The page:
MDEC: Time for Malaysian Companies to Show Off To The World

“This year is going to be a year where the task for all of you is to brag,” encouraged Surina Shukri, Chief Executive Officer of Digital Economy Corporation (), at yesterday’s kick-off for the newly formed Global Growth Acceleration (GGA) division.

She was talking to representatives from Malaysia’s leading tech , including participants in MDEC’s Global Acceleration and Innovation Network (GAIN) programme. “This year going forward, we will be upping our agenda as far as internationalization is concerned.”

Surina explains that building a robust digital economy requires developing the right talent, having businesses that are digitally empowered and encouraging more digital investments. “I’m talking about everybody adopting digital, and people investing in digital.”

Despite having 65 companies in the GAIN programme generating US$1 billion (RM4.1 billion) worth of exports since 2015, the exposure of this success could still be better. “We’re competing for customers, we’re competing for investors and competing for media attention,” she reminded the audience. “Therefore it’s important to always be celebrating our success.”

Labelling Malaysia as “the heart of digital ASEAN”, Surina said that Asia as a whole is now recognised by the world as the most promising area of growth, and that Malaysia should not miss its opportunity with the interest generated. “We have the tailwind of that, (of) having conversations and investors asking more questions about Southeast Asia.”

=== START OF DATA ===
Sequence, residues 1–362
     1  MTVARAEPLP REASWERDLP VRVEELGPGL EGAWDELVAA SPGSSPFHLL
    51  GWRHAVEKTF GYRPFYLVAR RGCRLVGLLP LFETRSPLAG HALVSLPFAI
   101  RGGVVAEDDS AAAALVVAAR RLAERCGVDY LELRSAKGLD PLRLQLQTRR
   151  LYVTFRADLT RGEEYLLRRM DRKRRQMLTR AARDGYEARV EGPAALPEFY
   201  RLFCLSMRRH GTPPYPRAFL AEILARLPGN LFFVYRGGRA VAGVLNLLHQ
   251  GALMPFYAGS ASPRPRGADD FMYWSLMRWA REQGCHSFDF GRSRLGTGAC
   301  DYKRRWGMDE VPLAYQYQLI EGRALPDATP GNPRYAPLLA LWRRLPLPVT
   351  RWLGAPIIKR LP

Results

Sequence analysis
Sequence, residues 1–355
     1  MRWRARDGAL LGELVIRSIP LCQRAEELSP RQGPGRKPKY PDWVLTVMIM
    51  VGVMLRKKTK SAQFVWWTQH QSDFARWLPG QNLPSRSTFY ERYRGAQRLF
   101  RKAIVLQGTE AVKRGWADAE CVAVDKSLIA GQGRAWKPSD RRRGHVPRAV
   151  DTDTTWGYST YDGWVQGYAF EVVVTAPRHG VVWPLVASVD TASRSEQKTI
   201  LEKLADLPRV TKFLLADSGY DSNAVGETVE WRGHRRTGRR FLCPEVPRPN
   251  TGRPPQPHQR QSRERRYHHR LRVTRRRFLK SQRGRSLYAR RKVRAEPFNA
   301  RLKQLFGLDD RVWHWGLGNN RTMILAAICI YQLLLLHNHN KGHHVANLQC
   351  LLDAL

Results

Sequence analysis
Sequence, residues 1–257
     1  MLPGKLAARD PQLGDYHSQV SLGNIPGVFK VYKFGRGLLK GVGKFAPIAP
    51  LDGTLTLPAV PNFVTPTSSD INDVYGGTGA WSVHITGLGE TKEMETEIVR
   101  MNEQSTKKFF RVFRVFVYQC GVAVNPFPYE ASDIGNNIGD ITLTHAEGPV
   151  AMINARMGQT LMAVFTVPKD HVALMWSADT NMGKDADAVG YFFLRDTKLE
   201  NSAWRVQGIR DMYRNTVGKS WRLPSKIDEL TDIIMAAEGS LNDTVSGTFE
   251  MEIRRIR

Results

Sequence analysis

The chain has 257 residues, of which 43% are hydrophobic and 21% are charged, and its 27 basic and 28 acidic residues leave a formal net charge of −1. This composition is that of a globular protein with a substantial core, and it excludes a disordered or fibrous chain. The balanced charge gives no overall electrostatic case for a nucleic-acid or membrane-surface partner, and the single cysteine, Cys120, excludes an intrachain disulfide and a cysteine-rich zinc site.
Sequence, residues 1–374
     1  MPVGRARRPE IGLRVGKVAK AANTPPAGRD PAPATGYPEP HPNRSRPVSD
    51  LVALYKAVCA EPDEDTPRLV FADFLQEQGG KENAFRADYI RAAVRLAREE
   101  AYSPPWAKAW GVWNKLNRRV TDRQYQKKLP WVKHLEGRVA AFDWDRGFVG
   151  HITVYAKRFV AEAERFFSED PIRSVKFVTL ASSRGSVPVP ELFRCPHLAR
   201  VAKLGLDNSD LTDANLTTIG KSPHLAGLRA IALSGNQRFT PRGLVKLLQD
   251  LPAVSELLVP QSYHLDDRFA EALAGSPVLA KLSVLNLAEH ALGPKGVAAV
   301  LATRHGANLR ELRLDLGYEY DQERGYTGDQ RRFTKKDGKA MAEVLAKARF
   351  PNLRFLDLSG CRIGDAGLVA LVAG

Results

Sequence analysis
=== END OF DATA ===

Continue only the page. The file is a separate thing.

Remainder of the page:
In line with this need to raise awareness, Surina points to MDEC’s recent partnership with Startup Genome, to better assess and publicise the nation’s startup ecosystem.

“My view is that, Malaysia, KL, and all of all of Asia, it’s a very exciting place to be,” she enthused.

“There’s a lot of really great stuff happening,” she continued, “But we haven’t really spent the time to talk about it.”

Amplifying Malaysian companies worldwide

“We cannot be shy,” concurred Gopi Ganesalingam, MDEC VP Global Growth Acceleration (GGA). “We need to tell our story loud – very loud.”

Gopi said that there are recognised successes the country can do better showing off. “Last year we had three companies that were listed in Forbes Under A Billion,” he said. “Singapore had two.”

Gopi’s team is already scouring Malaysian digital hubs for exciting new startups. “These are amazing companies (and) we see some good products coming out of these hubs,” he said.

“We want to start amplifying this. We want to take these good companies, we want to show them to the bigger companies to see if they want to partner with them, or to invest in them or whether they want to grow them,” he said.

“Then we’ll have Malaysian headquartered companies coming out of Malaysia, going on their own, and going global in our programme.”

Surina also alluded the government’s clear policy in encouraging local companies to go digital, including the recent budget that allocated more than RM1 billion worth of incentives in the form of matching grants. “If our (brick & mortar) companies and if our consumers, they don’t know how to use digital… pun tak jalan juga lah!” she says using a colloquial Malay term that means, “things won’t move then”. Her point being that the budget incentives are to encourage Malaysian corporations to accelerate their digital adoption which in turn will open up business opportunities for Malaysian tech companies to assist them.

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